Senior thesis style guidelines


Approximately 40 pages (that is, about 10,000 words, double spaced using as 12 point font). This length refers to the preliminaries (e.g. introduction) and the main text and excludes endnotes, appendices, and bibliography.


Discuss with your advisor which academic style of citation and notation is most appropriate for your thesis, as this will differ according to academic subfield.


  • Typed, double spaced on 8.5 x 11 inch paper
  • Margins should be 1.5 inches on the left, and 1 inch on right, top, and bottom
  • Footnotes or endnotes (single spaced, though double space between each note). Footnotes are often in small font than the main text. Endnotes should be 12 point.
  • All pages should be numbered. Preliminary matter should be numbered with Roman numerals, and the remainder, beginning with the first page of the introduction and continuing to the last page of the bibliography should use Arabic numerals.
  • You must include a title page, a table of contents, and a bibliography
  • Optional elements (often included by seniors but not required) include acknowledgments, chapter titles and subdivisions, a list of illustrations, preface, and appendices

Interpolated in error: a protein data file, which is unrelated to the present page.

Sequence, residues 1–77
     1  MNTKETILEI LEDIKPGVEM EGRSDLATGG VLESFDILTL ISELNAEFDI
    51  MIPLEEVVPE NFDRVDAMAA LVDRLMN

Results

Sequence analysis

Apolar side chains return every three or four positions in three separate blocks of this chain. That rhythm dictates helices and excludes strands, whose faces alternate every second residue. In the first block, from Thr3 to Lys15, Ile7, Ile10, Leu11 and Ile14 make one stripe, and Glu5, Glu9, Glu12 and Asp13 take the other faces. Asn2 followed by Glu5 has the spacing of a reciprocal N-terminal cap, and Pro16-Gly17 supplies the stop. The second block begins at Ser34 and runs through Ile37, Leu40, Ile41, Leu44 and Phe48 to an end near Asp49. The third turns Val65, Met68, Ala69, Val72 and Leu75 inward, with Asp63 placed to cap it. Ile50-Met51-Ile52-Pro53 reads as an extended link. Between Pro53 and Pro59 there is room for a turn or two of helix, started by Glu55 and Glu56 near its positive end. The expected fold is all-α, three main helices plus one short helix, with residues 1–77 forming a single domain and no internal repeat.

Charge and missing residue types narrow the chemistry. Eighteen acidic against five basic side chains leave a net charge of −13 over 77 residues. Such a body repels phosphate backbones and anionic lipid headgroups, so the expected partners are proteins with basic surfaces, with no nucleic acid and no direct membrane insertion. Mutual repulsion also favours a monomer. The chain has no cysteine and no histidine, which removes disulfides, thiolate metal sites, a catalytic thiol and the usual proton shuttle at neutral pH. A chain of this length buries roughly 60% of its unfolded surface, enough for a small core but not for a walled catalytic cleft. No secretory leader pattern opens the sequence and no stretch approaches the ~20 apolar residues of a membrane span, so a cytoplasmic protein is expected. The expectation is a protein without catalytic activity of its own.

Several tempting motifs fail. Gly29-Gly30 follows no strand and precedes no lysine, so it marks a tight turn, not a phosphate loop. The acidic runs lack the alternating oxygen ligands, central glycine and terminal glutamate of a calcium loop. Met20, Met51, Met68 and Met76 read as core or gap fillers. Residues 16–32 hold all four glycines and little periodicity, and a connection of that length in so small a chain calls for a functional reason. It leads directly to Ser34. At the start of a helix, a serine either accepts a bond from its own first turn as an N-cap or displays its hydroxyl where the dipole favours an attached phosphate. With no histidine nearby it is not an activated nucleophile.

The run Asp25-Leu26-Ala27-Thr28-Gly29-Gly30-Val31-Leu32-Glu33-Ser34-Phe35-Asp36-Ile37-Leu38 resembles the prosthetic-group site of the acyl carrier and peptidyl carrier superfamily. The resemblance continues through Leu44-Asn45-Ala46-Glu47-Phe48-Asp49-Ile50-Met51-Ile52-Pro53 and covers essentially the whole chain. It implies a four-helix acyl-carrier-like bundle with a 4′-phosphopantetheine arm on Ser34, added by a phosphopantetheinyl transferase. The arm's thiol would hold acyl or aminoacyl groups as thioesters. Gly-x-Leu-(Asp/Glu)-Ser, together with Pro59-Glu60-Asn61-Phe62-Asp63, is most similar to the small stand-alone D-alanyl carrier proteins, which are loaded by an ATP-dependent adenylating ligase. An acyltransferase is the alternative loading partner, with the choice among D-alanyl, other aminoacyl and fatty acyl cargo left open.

The title page should conform to the following model:

[Title] A senior thesis Presented By [Full name of author] to The Department of Religion in partial fulfillment of the requirements for the major in Religion [name of your school within Columbia] [month, year of submission of thesis]

Copies and binding

You must submit two copies of your thesis, one to each reader. The copies should be bound separately. We recommend velo binding with a clear vinyl cover available at most of the copy stores near or on campus. The author’s name and the title of the thesis should be visible on the front of each bound thesis.

Place and date of submission

Two copies of the thesis should be hand delivered on the specified date in April, one to your advisor and one to your second reader. Keep in mind that the Religion Department office closes at 5 p.m.: plan to turn in your thesis no later than 4 p.m.

The thesis deadline is a firm one. Missing it may have an impact on your final grade. If you miss it for any reason, please contact your advisor directly.

Some final pointers and pieces of advice

  • Carefully proofread your final thesis before copying. In fact, have another pair of eyes – a roommate or good friend – proofread it as well. The author is often so familiar with the text that he or she can miss typos, etc.
  • Check for consistency in spelling, abbreviations, citations, and transliteration of foreign words
  • Check to make sure that all sources, both cited and paraphrased, are properly acknowledged and make sure the quotations are correctly formatted
  • Make sure that you have enough paper, toner, and ink in your printer to print out the thesis
  • Allow time for computer-related snafus during the final printing. Mangled discs, broken printers, and other computer-related excuses are not acceptable in accounting for late theses.